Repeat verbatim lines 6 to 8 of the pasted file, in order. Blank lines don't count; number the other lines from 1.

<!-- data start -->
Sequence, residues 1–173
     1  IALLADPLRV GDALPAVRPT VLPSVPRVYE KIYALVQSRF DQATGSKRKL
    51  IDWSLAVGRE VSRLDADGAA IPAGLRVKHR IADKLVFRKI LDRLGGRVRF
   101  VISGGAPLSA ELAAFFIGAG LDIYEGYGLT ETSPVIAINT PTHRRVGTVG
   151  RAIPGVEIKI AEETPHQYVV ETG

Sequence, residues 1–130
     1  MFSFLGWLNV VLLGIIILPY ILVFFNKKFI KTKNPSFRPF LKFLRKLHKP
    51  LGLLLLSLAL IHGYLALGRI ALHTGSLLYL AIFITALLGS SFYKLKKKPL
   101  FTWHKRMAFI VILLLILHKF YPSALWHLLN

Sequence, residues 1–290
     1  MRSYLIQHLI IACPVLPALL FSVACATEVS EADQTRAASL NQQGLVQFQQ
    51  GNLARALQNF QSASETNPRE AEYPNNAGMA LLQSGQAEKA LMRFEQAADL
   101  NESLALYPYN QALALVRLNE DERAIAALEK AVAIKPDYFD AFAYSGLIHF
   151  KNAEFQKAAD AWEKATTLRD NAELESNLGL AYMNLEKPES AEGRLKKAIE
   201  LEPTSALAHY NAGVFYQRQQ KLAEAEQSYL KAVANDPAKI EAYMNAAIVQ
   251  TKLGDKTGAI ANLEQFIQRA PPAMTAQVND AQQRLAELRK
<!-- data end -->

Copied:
Sequence, residues 1–130
     1  MFSFLGWLNV VLLGIIILPY ILVFFNKKFI KTKNPSFRPF LKFLRKLHKP
    51  LGLLLLSLAL IHGYLALGRI ALHTGSLLYL AIFITALLGS SFYKLKKKPL